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ECE: Nanocarbon Interconnects
April 11 @ 4:00 pm - 5:00 pm
CARY YANG, Santa Clara University
Continuous downward scaling in silicon integrated circuit technology into the sub-20 nm regime has created critical challenges in chip manufacturing, among them, reliability and performance of on-chip interconnects. Current interconnect materials, Cu and W, face increased reliability challenges in the nanoscale as a result of electromigration failures at high current densities. Materials such as nanocarbons, metal silicides, cobalt, ruthenium, and metallic nanowires are being considered as potential replacements for Cu and W. In particular, due to its superior electrical and mechanical properties as well as much higher current-carrying capacities, carbon nanotube (CNT) has been demonstrated to be a serious contender in on-chip interconnect via. However, the main challenge to functionalizing CNT vias is the metal-CNT contact resistance. To mitigate such challenge, a seamless three-dimensional all-carbon interconnect structure is conceived and fabricated by growing CNTs directly on one or few layers of graphene (MLG). This 3D structure can potentially yield low resistance due to the strong C-C sp2 bonding in CNT and graphene and across the CNT-graphene interface. While such growth has been demonstrated, the CNT/graphene interfacial nanostructure and how it impacts the electrical properties of the 3D structure are far from being understood.
Our test structure consists of MLG grown by annealing a Ni thin film in H2/CH4 ambient inside a low-pressure PECVD chamber, before being transferred onto an oxide-covered silicon substrate. Vertically aligned CNTs are then grown on the transferred MLG in a PECVD system using a recipe similar to that in our previous work on CNT vias with chromium underlayer, resulting in a 3D all-carbon interconnect structure. Scanning and transmission electron microscopy images reveal CNT alignment and interfacial nanostructure comparable to the CNT-Cr interface in CNT via. The measured resistance of the 3D structure is compared with those of sub-100 nm linewidth CNT vias. Our results demonstrate the feasibility of fabricating a 3D CNT/graphene device, which can serve as the building block for all-carbon interconnects. Enhanced understanding of the relationship between interfacial nanostructure and device resistance can lead to eventual functionalization of contacts between CNT vias and a graphene-based planar interconnect network in the most advanced technology nodes.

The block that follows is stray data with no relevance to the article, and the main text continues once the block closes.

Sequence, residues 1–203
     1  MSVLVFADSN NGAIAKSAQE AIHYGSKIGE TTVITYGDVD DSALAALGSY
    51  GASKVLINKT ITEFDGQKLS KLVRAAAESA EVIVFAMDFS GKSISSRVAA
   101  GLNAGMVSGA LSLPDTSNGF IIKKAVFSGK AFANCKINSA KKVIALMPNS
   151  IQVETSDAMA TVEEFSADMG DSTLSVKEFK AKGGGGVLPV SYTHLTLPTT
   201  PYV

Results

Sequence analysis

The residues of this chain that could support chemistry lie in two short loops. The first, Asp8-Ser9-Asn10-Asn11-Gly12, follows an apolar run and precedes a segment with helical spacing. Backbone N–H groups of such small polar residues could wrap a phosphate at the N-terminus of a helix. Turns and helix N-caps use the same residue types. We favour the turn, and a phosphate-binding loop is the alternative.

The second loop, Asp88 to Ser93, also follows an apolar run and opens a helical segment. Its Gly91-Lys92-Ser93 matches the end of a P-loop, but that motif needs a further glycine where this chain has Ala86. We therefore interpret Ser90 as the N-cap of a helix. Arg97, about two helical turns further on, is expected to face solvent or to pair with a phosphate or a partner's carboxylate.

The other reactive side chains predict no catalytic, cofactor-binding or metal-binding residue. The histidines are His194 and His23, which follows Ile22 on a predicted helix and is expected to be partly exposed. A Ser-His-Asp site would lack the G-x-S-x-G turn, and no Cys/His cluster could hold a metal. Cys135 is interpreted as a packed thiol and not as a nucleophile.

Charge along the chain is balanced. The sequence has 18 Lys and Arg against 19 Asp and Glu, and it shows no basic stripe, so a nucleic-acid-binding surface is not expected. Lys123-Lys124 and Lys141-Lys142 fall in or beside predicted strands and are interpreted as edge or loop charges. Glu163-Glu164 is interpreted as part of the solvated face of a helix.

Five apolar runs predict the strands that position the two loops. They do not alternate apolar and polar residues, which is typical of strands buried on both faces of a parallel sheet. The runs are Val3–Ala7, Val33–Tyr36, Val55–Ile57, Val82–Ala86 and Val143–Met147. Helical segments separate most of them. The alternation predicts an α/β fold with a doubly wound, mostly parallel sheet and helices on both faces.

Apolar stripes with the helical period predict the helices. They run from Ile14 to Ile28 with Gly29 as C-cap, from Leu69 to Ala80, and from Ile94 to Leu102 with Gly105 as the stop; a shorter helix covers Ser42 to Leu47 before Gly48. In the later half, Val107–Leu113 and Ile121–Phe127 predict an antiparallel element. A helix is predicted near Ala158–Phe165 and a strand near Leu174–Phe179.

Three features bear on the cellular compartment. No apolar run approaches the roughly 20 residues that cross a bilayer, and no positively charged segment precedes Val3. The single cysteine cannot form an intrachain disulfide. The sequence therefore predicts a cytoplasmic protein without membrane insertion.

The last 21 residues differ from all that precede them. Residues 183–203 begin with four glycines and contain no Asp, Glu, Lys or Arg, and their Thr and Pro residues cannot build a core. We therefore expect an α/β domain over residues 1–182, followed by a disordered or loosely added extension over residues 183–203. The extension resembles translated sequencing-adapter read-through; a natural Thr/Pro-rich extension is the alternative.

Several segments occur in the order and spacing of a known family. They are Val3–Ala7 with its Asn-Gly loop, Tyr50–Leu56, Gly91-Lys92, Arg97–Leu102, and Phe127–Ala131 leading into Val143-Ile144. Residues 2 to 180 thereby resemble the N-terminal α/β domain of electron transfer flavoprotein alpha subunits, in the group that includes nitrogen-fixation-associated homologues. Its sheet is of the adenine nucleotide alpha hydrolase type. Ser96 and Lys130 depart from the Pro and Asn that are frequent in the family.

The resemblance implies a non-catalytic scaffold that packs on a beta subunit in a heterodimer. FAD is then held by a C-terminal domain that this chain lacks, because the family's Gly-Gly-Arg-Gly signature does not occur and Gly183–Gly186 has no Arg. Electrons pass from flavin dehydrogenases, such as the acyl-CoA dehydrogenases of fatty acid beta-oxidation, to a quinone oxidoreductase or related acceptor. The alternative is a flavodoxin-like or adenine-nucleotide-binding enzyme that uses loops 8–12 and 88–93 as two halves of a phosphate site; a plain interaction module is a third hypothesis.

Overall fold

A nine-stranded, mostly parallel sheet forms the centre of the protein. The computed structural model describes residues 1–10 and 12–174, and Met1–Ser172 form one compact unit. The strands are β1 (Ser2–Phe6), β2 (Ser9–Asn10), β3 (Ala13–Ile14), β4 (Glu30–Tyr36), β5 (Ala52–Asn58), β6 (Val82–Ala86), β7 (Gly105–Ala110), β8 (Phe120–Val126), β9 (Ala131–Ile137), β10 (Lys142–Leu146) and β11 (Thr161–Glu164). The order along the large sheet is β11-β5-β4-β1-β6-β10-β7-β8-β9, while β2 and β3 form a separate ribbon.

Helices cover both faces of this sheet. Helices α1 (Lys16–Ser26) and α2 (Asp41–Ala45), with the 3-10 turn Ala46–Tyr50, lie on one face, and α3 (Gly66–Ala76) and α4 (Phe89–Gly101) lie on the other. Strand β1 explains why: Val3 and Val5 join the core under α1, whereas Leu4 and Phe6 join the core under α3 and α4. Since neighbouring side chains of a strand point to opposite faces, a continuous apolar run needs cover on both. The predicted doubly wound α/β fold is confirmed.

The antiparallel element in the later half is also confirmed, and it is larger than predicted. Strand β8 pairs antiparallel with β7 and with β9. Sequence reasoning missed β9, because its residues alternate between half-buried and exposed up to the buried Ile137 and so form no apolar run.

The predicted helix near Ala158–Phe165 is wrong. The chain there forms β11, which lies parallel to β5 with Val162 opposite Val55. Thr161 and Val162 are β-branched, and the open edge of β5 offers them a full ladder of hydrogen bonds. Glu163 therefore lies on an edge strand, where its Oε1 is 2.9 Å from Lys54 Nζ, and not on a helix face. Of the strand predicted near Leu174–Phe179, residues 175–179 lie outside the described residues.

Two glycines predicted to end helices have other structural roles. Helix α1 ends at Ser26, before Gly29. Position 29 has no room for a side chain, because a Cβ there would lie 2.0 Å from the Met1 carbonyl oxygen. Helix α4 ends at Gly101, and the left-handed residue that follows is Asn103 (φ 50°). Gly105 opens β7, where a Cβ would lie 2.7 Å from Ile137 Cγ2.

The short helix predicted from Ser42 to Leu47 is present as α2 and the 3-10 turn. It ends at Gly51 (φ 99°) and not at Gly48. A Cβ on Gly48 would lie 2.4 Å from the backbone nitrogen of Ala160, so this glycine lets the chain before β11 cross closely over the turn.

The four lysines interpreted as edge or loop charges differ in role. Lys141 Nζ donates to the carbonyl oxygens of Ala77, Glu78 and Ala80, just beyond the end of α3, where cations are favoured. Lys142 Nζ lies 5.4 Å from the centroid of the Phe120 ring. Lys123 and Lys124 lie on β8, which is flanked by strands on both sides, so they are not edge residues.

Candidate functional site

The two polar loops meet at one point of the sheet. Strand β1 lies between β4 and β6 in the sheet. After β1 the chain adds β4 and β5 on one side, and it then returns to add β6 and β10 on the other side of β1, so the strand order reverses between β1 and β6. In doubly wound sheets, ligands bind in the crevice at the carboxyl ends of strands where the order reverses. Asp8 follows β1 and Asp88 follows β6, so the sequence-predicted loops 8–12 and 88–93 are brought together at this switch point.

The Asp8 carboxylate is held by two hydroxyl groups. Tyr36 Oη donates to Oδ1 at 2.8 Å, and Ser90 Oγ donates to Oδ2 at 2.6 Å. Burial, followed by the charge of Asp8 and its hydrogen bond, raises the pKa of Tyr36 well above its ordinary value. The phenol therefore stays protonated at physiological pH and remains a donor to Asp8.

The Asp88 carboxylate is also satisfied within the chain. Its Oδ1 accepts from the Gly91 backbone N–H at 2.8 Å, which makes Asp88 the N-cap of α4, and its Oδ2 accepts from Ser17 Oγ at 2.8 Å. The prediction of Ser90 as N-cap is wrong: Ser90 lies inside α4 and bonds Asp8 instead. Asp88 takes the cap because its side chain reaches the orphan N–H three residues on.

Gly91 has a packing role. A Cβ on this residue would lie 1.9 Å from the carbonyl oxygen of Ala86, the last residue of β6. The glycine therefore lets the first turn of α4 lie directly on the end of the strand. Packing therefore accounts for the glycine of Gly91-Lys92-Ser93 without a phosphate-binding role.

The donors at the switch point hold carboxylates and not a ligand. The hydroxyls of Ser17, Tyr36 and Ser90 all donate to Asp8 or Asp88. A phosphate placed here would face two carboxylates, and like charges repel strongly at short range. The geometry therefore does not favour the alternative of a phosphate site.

Cary Y. Yang received the B.S., M.S., and Ph.D. degrees in electrical engineering from the University of Pennsylvania. After working at M.I.T., NASA Ames Research Center, and Stanford University on electronic properties of nanostructure surfaces and interfaces, he founded Surface Analytic Research, a Silicon Valley company focusing on sponsored research projects covering various applications of surfaces and nanostructures. He joined Santa Clara University in 1983 and is currently Professor of Electrical Engineering and Director of TENT Laboratory, a SCU facility located inside NASA Ames. He was the Founding Director of Microelectronics Laboratory and Center for Nanostructures, and served as Chair of Electrical Engineering and Associate Dean of Engineering at Santa Clara. His research spans from silicon-based nanoelectronics to nanostructure interfaces in electronic, biological, and energy-storage systems. An IEEE Life Fellow, he served as Editor of the IEEE Transactions on Electron Devices, President of the IEEE Electron Devices Society, and elected member of the IEEE Board of Directors. He was appointed Vice Chair of the IEEE Awards Board in 2013 and 2014. He received the 2004 IEEE Educational Activities Board Meritorious Achievement Award in Continuing Education “for extensive and innovative contributions to the continuing education of working professionals in the field of micro/nanoelectronics,” and the IEEE Electron Devices Society Distinguished Service Award in 2005. From 2008 to 2013, he held the Bao Yugang Chair Professorship at Zhejiang University in China.
Sandford Fleming Building, Room 1105